Two concepts fully tested in one month of design sprint
Can a solution for the future of public transport be designed in two weeks? Together with transport company aTB, we showed the enormous power of the design sprint methodology — and why iterations are more important than many people think.
How can we reduce private motoring in Trøndelag? That's one of the key questions the sharp heads in ATB's innovation department are working to find answers to. Two of the answers were so promising that they wanted to prototype them.
Hitchhiker for bus
The ideas AtB was ready to move forward with were two widely different approaches to the challenge of how to help people use the car less. One solution was intended for urban areas, the other for rural areas.
Two solutions — one month
The rural solution is in practice an integrated carpooling solution with a travel guarantee. If you need to get to the city center, but live in a place where there are few buses, you should be able to see in an app if there are other people who will drive just that stretch. You pay a bus ticket, but sit on with a private individual.
Naturally, the driver of the car receives a compensation for taking the ATB customer with him. Going no one the same way, you will be picked up by AtB. The idea is that if suffices people sign up as drivers, this solution will be better than an empty bus driving back and forth.
The Urban Solution were going to explore the possibilities of having completely routeless buses. That, with greater flexibility than today, you can travel across boroughs — and where the bus driver's route updates according to which passengers sign up for the trip. A bit like Uber, but sized for multiple travelers going to different places.
Increo's task was to come up with prototypes for these innovative ideas in an almost impossible time. The design process AtB had planned for two years, we were now given one month to carry out. Two solutions. Two weeks on each. Here we had to sprint.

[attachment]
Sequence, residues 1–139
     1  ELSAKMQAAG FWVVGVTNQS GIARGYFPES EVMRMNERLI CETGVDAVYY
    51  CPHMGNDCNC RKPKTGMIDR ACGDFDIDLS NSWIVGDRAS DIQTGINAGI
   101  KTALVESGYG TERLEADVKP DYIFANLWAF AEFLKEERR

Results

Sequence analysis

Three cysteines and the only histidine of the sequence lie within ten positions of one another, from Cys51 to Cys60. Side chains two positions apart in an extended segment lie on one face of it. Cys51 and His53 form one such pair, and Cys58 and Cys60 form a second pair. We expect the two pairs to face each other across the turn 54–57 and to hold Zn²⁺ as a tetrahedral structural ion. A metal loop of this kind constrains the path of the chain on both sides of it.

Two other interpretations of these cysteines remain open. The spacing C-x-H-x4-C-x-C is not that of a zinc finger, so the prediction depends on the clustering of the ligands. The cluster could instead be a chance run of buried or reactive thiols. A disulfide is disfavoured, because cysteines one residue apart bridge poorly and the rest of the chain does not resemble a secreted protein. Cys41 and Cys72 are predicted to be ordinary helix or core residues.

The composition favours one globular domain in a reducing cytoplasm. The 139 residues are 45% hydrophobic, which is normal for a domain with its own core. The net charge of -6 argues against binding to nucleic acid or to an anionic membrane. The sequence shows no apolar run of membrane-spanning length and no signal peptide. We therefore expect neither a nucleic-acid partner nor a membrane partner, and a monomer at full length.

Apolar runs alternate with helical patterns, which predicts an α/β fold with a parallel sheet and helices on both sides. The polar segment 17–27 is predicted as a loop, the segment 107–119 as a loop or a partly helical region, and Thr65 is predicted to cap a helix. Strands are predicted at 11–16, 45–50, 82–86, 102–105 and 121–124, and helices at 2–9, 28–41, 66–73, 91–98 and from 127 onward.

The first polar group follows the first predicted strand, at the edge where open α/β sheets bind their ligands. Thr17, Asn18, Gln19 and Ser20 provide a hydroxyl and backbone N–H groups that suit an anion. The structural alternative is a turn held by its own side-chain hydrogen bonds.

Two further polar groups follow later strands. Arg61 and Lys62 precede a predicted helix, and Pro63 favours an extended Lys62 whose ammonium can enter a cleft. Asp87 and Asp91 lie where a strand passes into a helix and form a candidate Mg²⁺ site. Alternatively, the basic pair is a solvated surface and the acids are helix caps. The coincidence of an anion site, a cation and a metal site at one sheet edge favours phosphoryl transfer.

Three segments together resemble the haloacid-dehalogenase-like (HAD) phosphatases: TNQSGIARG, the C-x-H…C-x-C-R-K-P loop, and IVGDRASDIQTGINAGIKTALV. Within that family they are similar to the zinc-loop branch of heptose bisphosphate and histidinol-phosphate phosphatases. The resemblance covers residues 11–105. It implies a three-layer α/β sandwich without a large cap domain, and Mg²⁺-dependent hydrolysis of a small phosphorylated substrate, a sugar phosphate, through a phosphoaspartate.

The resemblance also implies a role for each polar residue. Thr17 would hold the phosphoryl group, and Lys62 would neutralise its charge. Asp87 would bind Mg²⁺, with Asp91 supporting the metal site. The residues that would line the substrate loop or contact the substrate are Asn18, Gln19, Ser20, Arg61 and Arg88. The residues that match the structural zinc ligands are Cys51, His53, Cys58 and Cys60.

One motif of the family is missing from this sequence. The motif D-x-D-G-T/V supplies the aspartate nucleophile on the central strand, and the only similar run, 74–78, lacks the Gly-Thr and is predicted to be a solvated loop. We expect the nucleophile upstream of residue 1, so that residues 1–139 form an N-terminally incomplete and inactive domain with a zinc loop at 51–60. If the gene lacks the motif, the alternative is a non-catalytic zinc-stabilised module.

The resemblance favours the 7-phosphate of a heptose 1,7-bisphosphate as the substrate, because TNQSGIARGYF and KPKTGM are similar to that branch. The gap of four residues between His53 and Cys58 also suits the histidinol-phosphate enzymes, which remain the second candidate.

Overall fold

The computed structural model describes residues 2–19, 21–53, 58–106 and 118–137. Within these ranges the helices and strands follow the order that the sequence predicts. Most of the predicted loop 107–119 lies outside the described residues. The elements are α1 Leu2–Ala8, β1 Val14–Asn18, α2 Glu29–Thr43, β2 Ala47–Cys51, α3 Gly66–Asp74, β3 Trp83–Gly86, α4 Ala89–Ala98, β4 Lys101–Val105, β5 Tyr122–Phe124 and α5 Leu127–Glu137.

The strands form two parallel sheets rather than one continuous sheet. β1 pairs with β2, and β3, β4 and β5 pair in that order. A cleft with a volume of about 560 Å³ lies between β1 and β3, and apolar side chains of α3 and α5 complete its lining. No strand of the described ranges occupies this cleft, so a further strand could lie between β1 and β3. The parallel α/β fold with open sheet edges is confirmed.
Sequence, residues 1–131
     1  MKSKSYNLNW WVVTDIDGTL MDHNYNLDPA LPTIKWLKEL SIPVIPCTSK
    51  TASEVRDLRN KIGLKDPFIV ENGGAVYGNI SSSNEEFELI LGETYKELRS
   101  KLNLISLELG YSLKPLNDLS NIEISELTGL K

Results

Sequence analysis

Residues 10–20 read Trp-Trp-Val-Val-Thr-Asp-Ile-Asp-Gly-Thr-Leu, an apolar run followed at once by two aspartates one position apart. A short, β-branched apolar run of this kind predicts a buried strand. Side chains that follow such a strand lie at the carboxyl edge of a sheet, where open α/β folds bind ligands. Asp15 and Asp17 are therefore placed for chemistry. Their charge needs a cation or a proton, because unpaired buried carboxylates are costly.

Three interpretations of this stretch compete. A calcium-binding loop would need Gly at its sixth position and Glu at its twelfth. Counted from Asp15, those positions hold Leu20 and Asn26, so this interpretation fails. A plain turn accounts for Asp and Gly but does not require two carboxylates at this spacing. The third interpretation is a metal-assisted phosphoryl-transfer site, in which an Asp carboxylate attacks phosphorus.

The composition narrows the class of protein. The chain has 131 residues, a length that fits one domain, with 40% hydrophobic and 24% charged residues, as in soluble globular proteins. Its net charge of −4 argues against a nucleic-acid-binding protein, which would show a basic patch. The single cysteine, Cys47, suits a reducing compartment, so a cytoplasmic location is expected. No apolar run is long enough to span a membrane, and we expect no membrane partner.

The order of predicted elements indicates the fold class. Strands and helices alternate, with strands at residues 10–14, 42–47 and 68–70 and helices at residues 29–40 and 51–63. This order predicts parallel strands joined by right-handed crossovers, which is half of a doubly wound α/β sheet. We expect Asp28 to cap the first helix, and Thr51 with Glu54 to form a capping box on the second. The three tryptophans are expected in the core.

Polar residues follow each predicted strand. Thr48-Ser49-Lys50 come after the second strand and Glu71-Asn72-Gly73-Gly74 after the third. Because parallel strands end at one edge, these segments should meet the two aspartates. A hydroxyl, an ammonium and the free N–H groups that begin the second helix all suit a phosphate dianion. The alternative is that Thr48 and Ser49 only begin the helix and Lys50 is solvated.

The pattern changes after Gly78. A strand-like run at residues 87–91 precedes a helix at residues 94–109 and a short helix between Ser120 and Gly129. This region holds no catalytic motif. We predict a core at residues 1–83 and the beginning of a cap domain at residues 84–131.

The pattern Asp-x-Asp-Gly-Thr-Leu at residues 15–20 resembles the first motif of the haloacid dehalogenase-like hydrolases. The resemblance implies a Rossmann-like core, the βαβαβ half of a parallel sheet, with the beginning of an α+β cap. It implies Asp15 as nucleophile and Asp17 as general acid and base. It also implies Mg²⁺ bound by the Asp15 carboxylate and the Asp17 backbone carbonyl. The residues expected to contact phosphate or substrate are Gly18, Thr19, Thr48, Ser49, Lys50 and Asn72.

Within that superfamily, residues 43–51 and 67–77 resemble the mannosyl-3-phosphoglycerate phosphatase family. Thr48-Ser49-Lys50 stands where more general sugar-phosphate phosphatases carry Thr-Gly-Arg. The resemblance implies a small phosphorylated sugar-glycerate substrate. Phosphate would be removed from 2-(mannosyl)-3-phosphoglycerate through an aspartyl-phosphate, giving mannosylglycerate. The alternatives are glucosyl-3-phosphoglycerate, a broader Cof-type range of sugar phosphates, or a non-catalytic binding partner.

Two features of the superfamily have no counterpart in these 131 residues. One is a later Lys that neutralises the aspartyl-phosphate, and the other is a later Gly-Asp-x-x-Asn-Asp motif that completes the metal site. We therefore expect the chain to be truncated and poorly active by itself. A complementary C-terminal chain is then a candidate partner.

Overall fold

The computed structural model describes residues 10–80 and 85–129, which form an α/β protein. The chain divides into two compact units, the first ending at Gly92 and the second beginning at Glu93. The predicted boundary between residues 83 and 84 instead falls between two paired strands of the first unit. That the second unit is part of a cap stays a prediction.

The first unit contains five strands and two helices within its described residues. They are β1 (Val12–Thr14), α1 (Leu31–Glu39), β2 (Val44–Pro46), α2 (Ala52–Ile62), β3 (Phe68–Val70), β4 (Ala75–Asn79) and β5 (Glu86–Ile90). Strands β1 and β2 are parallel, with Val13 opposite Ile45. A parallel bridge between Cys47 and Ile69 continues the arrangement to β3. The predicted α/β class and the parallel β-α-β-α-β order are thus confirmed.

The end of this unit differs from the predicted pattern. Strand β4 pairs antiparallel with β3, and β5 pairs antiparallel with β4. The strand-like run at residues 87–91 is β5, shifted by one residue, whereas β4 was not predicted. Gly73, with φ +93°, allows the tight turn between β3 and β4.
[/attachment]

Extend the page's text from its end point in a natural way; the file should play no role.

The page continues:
Perfect for design sprint
And this was one such project where design sprint as a methodology really came into its own. It was big, complex -- and we hooked up early on.
For both solutions, the entire user journey was prototyped in Figma, starting from the same design as the current ATB app. The challenge was about more than creating a seamless user experience: Are we able to provide users with an adequate expectation description? Are we able to communicate security in a good way?
In both cases, the race was as follows:
design sprint → user test → evaluation → iteration sprint → new user test → evaluation
Becoming a pilot project
The urban solution created great interest among the test passengers. This was something the target audience wanted to use. Putting the idea into practice still has some other bumps in the road, but the feedback was clear: From a user perspective, the app solution was clear, and it was easy to place an order.
For the rural solution, the enthusiasm was even greater: Wasn't this too good to be true? Nope, and it's true, because already This autumn, AtB is launching a pilot project based on the prototype.
Iterations are worth gold
The project has been a crowning example of the value of design sprint as a method and improvements based on user testing. After the first prototypes, the customer's main concern was: After all, this is already so good, can't it just go downhill from here? Do we risk spending time on change instead of improvement?
When it came time for user test number two, with completely different test users, it became clear that we had not gone backwards or sideways, but made a long jump forward. People clicked their way so much faster through the prototype that user tests were conducted upon half the time. The iteration sprint had simply created enormous improvements that were not obvious.
Are you sitting on an idea that is too daring to take to the board, or that you are unsure if your customers will like? Get in touch and find out how we can help you with a prototype!